Do’s & Don’ts of Introducing Kids to Photography
Welcome to Time Out with Tanya, where I’ve put my fast paced graphic design career on hold in favor of adventures in motherhood. I’m capturing every moment on camera and you can come along, if you’d like. Sign up for my weekly email here so you’ll never miss a Time Out.
My poor kids have been subject to their Mamarazzi since birth. It’s no surprise, then, that they want to take pictures, too. I’ve been letting my oldest snap away on various cameras since he was about 3 years old and even publish some of his shots on my blog in a fascinating series called Calvin Up Close. I’ve learned a lot of Do’s and Don’ts about handing a camera over to my kids through trial and error. Here are my top tips for introducing kids to photography.
[In case you missed it, check out my tips for Editing Newborn Portraits in Two Minutes or Less]
DON’T let your kids play with your camera phone unsupervised
They might dial 911, delete all your apps, update your Facebook status with an embarrassing picture they took of you, or spill an entire cup of milk on your $500+ phone. Trust me on this one. All of the above have happened to me…
DON’T waste your money on cheap “made for kids” cameras
After the “spilled milk and totally obliterated mom’s phone” incident, I thought, maybe I should get my son a toy camera? While I haven’t tried every toy camera on the market, the $30 camera purchased for him was a total waste of money. The images produced by the camera were so small they were unusable. The batteries would die within 20 minutes and the included (annoying) video games on the device distracted him from actually taking pictures. He just wanted to play the games.
If you feel you must go this route, be sure to read all the reviews and specs about the camera. Make sure the resolution of the images is at least 650 px wide, which will be appropriate for sharing online, but won’t make a nice print, FYI.
DON’T let them play with your “nice” camera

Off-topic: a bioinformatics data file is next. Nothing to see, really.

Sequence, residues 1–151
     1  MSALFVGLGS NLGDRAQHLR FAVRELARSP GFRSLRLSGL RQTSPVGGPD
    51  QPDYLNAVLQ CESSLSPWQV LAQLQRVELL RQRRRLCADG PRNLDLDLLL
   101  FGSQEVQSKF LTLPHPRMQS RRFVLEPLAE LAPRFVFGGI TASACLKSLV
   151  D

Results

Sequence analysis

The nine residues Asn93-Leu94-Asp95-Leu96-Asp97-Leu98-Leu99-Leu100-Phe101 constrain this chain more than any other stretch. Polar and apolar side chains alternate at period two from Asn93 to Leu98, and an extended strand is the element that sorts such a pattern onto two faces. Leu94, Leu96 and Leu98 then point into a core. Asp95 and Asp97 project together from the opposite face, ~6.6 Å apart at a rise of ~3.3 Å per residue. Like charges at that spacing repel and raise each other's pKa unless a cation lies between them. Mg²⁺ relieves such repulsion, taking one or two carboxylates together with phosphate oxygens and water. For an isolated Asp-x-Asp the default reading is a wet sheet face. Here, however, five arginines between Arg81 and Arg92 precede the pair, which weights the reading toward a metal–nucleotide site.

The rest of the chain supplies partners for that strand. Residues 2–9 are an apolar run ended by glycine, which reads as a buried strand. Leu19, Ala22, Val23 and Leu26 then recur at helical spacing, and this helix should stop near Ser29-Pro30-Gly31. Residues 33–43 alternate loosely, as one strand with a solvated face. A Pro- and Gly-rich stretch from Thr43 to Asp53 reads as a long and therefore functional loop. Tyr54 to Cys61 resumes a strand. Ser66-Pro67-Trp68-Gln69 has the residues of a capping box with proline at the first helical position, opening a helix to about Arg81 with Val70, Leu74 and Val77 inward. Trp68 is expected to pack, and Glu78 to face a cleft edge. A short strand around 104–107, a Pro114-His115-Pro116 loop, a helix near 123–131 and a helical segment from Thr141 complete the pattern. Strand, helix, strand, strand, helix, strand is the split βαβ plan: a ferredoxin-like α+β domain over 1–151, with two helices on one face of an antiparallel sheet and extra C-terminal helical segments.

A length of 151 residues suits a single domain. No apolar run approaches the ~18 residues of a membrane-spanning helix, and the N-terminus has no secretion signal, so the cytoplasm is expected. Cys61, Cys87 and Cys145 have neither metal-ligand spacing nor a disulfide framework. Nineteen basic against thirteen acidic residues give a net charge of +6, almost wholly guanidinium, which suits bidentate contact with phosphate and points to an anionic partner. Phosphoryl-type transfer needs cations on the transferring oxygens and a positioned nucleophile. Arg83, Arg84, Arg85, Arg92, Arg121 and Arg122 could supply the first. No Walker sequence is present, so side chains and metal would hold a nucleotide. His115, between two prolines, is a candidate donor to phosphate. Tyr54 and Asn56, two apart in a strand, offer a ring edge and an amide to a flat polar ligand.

If you would be totally devastated if your good camera was damaged, just don’t let them touch it. At my house, the kids know they aren’t allowed to mess with my Canon 5D Mark III. It’s totally off limits. This is why I have a designated camera for them to use, which brings me to the DO’S…
DO encourage your kids to “pretend” to take pictures
This is a great idea, especially if you can’t afford a real camera for them at this time, or just don’t want to let them use one. My kids love the Fisher-Price Fun 2 Imagine Pocket Camera that has colorful slides of wild animals inside the view finder. They like to pretend to take pictures of each other and of mom and dad. I swear I only paid like $6 for that thing 5 years ago, but now it’s listed on Amazon for $40! Here’s a similar retro version for under $20. They’ll often pretend other objects are cameras, too. You could decorate a small box to look like a camera. Let them use their imaginations.
DO give your kids an appropriate camera they can use without constant supervision
I tried a few different cameras before I found the perfect one for kids. Problems with a typical point-and-shoot like a Nikon COOLPIX L28, include risk of dents and scratches or breakage from being dropped on hard floors or sidewalks, potential damage to the camera if it’s submerged in liquid and damage to, or loss of, the battery and memory card, especially if those components are easily accessed.
My favorite kind of camera to give to the kids is one intended for extreme sports, like the Fujifilm FinePix XP60. This affordable little camera is waterproof, shockproof, freeze proof and dust/sand proof. All of those things basically equal kid proof. They can drop it on the sidewalk, take it to the pool and the park without worrying about breakage. Plus, the image quality of the photos will be decent enough to share or print if you desire. The one I have came with a handy neoprine carrying case and also has a wrist strap, which I make sure they use. Keep in mind you should keep all electronics away from the kiddos under age 3.
DO teach your kids the basic functions of the camera and then let them explore.
No need to correct them or teach them anything about photography “best practices” at this time. It’s interesting to see what they chose to photograph and how they intuitively compose their images. If your camera has a video function, let them take videos, too. Be prepared for an eye opening real look into your life, though, and some good laughs!
Finally, make sure you let your kids look at their pictures. They love it! My son likes to plug his memory card into the Wii and look at a slide show of all the pictures he took on the big TV. Or we’ll upload them to my computer and flip through them together, after I’ve gone through and weeded out all the photos of the ceiling and giant fingers blocking the lens (there will be a lot of those.)
Photography is definitely a family affair at our house. I hope you’ll make it so at your house, too. Do you have any other questions about how to introduce your kids to photography? Please ask in the comments or contact me at tanya(at)slrlounge.com.
CREDITS: All photographs by Tanya Smith are copyrighted and have been used with permission for SLR Lounge. Do not copy, modify or re-post this article or images without express permission from SLR Lounge and the artist.